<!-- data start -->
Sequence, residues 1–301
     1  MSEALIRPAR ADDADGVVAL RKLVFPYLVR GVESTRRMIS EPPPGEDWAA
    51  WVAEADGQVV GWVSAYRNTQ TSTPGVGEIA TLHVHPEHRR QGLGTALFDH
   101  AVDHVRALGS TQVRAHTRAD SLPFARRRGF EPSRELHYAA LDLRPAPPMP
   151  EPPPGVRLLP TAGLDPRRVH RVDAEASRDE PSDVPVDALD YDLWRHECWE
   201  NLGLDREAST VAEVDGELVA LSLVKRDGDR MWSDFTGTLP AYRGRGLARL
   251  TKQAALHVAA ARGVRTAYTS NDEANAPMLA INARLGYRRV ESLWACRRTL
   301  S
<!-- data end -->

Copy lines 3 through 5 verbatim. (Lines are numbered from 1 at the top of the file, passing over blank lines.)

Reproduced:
    51  WVAEADGQVV GWVSAYRNTQ TSTPGVGEIA TLHVHPEHRR QGLGTALFDH
   101  AVDHVRALGS TQVRAHTRAD SLPFARRRGF EPSRELHYAA LDLRPAPPMP
   151  EPPPGVRLLP TAGLDPRRVH RVDAEASRDE PSDVPVDALD YDLWRHECWE